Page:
Bovee wildfire causes destruction, death near Nebraska National Forest

Oct. 3, 2022, 6 p.m. ·

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The Bovee Fire burns behind structures in the Bessey Ranger District compound on the night of October 2, 2022. Photo by Julie Bain/USFS.

The Bovee wildfire is causing destruction in central Nebraska since it ignited Sunday afternoon.

National Grasslands Visitor Center Director Travis Mason-Bushman said dry conditions and high winds stretched the fire over 15 miles in under 8 hours, burning through more than 15,000 acres of land, as of Monday afternoon.

“The more that fire starts moving away from you, the faster you’ve got to chase,” Mason-Bushman said. “Certainly there are times, too, when under those kinds of extreme conditions, it's just not safe to get in front of the fire.”

Only a plaque and chimney remain Eppley Lodge at the State 4-H Camp. Photo by Sherry Kennedy.
Scott Lookout Tower was among the historic places burned in the fire. Photo by Sherry Kennedy.

The Nebraska National Forest, which covers 90,000 acres in the Nebraska Sandhills and is the largest hand planted forest in the country.

All but one building burned down at the State 4-H Camp. Kathleen Lodl, State 4-H Program Leader, said the camp was dedicated in 1963 and was the first campground in Nebraska. Since its opening, its programs have reached over 30,000 young people.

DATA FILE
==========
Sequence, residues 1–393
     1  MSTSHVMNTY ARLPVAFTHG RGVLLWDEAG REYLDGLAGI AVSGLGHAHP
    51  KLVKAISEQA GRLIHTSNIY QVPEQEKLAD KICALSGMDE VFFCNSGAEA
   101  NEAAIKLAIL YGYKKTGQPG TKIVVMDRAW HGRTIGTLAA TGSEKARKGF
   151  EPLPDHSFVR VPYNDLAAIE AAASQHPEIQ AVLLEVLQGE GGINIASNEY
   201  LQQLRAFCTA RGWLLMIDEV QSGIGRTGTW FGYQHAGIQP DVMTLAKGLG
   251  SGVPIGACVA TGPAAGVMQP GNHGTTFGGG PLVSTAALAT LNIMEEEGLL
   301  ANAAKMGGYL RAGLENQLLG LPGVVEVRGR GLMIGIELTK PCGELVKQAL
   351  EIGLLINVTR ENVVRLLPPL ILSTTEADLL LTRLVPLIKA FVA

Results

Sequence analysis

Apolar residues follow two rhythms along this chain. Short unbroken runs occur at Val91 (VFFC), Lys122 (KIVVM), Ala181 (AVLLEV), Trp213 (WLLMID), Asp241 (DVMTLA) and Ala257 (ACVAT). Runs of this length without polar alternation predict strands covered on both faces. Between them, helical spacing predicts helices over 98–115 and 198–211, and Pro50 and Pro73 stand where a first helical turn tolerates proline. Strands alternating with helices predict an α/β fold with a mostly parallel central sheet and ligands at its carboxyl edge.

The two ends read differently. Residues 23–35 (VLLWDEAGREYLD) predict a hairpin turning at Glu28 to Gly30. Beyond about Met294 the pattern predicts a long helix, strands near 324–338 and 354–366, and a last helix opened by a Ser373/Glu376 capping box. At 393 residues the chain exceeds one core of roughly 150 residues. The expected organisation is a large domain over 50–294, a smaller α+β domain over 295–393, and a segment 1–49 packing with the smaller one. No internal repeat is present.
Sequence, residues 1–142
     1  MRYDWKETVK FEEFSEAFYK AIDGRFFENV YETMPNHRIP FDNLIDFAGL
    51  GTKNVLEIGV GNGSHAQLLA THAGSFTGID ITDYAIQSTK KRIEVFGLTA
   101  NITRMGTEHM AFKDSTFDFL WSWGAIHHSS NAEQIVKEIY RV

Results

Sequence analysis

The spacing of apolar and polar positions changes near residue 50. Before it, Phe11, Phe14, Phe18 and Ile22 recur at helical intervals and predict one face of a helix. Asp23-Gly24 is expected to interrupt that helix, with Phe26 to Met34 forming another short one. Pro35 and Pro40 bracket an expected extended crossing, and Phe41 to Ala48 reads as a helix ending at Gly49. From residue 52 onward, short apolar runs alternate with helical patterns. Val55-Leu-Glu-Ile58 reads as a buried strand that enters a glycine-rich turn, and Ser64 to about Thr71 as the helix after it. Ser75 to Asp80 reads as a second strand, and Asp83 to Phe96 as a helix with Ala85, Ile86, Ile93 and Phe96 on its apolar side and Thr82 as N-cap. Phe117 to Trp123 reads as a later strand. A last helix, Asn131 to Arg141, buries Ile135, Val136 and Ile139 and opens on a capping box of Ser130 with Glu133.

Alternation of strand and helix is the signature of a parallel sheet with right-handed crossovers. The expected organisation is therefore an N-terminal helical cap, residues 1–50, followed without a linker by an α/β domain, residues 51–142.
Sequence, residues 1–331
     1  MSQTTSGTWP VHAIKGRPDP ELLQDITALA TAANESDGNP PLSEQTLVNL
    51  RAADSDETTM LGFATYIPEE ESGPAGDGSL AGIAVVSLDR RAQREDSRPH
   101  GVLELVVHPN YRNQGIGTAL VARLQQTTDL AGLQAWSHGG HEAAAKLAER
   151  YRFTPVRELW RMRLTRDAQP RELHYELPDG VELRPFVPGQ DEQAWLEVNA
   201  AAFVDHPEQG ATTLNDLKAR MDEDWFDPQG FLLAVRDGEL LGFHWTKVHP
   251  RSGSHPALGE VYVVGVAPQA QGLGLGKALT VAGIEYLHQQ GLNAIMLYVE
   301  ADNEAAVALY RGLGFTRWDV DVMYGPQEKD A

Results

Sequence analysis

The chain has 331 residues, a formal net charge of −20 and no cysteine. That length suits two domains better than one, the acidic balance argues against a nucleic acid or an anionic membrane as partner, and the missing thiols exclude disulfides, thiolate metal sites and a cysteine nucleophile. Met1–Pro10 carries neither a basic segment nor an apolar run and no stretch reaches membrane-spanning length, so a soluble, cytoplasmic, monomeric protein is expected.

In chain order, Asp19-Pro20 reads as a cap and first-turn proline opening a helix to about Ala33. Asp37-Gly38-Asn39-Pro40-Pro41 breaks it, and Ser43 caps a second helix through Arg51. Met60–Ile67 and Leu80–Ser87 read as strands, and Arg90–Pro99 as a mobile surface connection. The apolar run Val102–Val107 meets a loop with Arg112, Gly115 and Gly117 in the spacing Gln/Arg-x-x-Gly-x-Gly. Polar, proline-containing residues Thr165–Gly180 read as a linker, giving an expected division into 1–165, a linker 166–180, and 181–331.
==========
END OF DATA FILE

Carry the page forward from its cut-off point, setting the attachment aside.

The Scott Lookout Tower in the Nebraska National Forest also burned. The tower was built in 1944 and was the state’s only functioning fire lookout tower.

The fire also caused one casualty on Sunday. A spokesperson for Region 26 Emergency Management reported that Mike Moody died of a heart attack while fighting the fire on Sunday. Moody was the assistant chief of the Purdam Volunteer Fire Department.

To combat the fast-moving fire, three states have teamed up: Nebraska, South Dakota, and Colorado. Together, the states sent over 100 firefighters to the fire. The states also sent equipment, including 10 fire engines, air tankers, a bulldozer, and infrared mapping aircraft. Mason-Bushman said collaboration is an important aspect of the fight.

“One of the really great things about the way wildland fire works is that everybody works together. When the call comes in, you go.”

With better weather conditions predicted and more help arriving at the scene of the fire, Mason-Bushman said firefighters may soon have the opportunity to get ahead of the fire. The cause is currently under investigation.